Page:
Being selected as the NBA 2K cover athlete carries a lot of weight and importance. They get to represent both the league as well as the product during their entire reign. In some cases, the cover athlete is also involved in the game development process by citing gameplay features that they would like included and the like. They’re also involved in the promotion and community building that NBA 2K engages in as the face of the product and the brand. As such, the selection of the cover athlete is actually a very important process and is usually indicative of the state and/mindset of the game, the League, and basketball in general.
We here at GG Network thought that it would be a cool idea to look back at the 20 years of cover athletes that have graced the box of NBA 2k and try to figure out what the thought process was in selecting them.
For the sake of brevity as well as depth, we’ve decided to split the article into two parts, highlighting the 2K to 2K10 covers this week and the latter half in another article next week. Let’s take a look!
In many ways. Allen Iverson was the perfect cover athlete to represent the early years of NBA 2K. The Answer not only won a scoring title during that time; he also led the Philadelphia 76ers to the Playoffs and won the MVP award in those years. He also had a raw and rebellious attitude and was the face of the new guard that was set to take over the NBA. Back in the early 2000s, NBA 2K was in a similar boat, going against the more established NBA Live from EA and slowly proving their worth thanks to their technical proficiency and overall brilliance.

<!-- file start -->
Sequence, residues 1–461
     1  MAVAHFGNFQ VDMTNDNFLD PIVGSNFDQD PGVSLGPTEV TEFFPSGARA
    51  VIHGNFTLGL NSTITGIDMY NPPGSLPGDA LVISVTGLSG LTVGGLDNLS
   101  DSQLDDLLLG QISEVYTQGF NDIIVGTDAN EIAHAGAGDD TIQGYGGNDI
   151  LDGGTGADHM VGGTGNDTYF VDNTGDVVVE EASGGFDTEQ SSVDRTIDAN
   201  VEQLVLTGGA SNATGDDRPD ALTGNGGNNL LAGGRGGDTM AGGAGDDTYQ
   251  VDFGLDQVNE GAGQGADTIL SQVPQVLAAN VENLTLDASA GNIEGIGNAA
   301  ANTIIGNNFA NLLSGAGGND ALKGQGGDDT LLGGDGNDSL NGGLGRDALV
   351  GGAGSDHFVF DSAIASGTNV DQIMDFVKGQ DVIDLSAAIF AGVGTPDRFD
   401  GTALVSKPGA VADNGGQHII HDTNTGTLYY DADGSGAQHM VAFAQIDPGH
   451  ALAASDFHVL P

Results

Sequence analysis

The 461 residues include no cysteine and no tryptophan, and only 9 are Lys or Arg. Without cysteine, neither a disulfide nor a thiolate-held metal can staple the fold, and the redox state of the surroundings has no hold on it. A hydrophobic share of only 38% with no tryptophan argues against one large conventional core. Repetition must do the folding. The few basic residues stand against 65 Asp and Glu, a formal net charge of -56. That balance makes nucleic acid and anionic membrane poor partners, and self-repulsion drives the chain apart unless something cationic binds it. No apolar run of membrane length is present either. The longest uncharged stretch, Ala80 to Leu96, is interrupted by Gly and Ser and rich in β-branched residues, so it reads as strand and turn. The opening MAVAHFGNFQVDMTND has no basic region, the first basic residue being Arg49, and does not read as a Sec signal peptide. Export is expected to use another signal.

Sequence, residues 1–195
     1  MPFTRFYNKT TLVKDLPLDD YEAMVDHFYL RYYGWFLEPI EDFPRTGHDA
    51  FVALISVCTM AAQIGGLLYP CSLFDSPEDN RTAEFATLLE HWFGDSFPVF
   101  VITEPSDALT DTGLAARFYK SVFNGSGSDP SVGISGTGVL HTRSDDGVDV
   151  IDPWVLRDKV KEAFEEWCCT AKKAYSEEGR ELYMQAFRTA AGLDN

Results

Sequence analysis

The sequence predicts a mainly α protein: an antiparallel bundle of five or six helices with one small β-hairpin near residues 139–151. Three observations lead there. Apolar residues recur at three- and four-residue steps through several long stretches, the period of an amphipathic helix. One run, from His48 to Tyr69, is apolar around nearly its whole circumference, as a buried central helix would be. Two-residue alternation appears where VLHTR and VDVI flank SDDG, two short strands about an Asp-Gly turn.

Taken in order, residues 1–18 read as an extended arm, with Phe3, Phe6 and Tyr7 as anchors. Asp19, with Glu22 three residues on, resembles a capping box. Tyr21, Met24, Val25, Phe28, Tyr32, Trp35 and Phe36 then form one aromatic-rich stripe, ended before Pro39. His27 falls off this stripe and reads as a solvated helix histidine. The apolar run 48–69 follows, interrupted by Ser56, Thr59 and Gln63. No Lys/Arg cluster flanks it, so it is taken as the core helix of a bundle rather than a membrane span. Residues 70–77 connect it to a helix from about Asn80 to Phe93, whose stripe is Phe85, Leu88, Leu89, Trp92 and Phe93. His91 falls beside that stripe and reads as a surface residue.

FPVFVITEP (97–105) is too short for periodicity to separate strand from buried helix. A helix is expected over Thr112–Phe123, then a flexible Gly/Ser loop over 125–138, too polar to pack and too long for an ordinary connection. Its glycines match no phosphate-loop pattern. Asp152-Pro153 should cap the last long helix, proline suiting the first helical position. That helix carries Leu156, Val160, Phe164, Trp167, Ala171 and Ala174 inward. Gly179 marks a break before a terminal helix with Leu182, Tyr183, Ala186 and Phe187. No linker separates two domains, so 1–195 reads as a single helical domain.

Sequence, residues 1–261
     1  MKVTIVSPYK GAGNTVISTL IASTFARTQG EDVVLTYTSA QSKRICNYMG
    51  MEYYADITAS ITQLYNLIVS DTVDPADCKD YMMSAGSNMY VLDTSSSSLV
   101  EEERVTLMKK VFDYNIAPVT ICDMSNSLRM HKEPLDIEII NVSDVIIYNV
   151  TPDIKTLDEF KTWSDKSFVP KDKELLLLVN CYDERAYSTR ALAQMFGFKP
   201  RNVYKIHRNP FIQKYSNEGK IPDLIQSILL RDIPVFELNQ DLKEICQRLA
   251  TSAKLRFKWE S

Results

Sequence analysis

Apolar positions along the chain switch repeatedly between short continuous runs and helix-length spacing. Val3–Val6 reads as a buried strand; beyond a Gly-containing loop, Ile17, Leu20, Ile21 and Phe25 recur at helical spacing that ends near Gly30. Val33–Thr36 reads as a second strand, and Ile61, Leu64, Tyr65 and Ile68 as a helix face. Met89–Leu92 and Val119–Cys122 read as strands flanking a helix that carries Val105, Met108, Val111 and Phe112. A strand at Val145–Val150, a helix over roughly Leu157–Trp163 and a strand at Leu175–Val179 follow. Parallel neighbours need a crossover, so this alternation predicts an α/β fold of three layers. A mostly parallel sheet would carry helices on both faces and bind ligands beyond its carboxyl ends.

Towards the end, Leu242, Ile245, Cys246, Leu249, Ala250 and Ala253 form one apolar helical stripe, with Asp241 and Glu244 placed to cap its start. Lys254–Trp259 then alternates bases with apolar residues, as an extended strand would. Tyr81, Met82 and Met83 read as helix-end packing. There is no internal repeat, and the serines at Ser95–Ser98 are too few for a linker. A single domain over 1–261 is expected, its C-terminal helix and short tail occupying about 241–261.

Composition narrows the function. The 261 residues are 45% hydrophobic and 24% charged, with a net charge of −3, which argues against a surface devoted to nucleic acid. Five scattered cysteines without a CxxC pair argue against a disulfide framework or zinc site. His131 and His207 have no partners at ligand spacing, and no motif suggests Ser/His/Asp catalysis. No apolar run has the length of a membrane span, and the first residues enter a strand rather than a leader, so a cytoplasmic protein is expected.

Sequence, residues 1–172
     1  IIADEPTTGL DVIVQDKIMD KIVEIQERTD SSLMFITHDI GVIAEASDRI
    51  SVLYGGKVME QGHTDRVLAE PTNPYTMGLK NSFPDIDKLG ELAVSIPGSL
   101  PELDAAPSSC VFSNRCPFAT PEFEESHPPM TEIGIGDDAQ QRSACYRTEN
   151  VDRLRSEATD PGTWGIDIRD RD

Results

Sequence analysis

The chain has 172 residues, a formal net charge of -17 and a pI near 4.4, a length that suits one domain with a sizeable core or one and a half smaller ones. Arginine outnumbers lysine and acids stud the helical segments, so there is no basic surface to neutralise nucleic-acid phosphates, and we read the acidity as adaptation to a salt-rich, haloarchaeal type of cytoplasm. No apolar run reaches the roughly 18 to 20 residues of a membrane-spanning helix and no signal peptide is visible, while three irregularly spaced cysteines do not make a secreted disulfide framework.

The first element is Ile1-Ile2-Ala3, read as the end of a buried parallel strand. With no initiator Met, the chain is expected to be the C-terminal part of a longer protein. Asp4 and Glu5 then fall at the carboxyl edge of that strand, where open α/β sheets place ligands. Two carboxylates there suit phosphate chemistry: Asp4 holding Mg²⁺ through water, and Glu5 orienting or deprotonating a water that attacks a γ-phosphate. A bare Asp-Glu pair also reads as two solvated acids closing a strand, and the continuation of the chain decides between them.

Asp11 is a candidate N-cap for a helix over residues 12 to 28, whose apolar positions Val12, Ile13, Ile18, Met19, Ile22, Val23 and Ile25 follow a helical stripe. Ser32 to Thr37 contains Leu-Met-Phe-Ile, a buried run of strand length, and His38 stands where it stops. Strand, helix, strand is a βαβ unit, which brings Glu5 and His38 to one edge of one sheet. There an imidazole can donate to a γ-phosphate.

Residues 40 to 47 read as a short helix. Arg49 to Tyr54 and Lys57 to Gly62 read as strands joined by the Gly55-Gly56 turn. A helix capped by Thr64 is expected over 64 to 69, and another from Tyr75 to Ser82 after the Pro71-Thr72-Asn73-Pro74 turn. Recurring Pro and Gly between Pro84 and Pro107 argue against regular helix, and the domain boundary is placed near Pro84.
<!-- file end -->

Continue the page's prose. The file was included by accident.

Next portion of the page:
After an amazing 2003-2004 season with the Detroit Pistons which culminated with an NBA Championship, Ben Wallace was selected as the cover athlete for NBA 2K5. Wallace, who averaged 3.2 blocks a game was consistently in the Defensive Player of the Year ballot, was the cornerstone of the Pistons defensive mentality that led them to their first appearance in the finals since 1990 as well as their first championship in over 15 years.
Over on the videogame side of things, this was the year when people started to really consider 2K as a viable alternative basketball videogame. They haven’t surpassed NBA Live just yet with Live releasing Live 2005, widely considered the best entry in the franchise but 2K was firmly in contention and people were starting to take notice.
The 05-06 and the 06-07 Seasons of the NBA were some of the most game-changing seasons. Not the least of which was Shaquille O’neal —the legendary Lakers Big Man who had been synonymous with the Los Angeles franchise—being traded to the Miami Heat. Shaq would continue his dominance in Miami, teaming up with the then-up-and-coming star, Dwayne Wade to give the Heat their first championship
NBA 2K6 and NBA 2K7 were also the iterations where 2K pulled ahead in the basketball videogame race. These were the first 2K games to usher in the Xbox 360 and PS3, respectively were largely successful in bringing the experience to the then next-gen platforms.
2K’s simulation-style basketball offering translated perfectly to the new consoles and as such, attracted more people who were gravitating away from the arcadey romp that Live was slowly stagnating to be. NBA 2K7 was eventually where the gap widened the most, taking their simulation to the next level with signature/player-specific moves and actions, while Live struggled to keep up with the new console generation.
I find symmetry in Shaq’s and in 2K’s success, in that they both made big, game-changing moves to pull ahead of the competition. They both found greatness just by taking a risk and trying something new.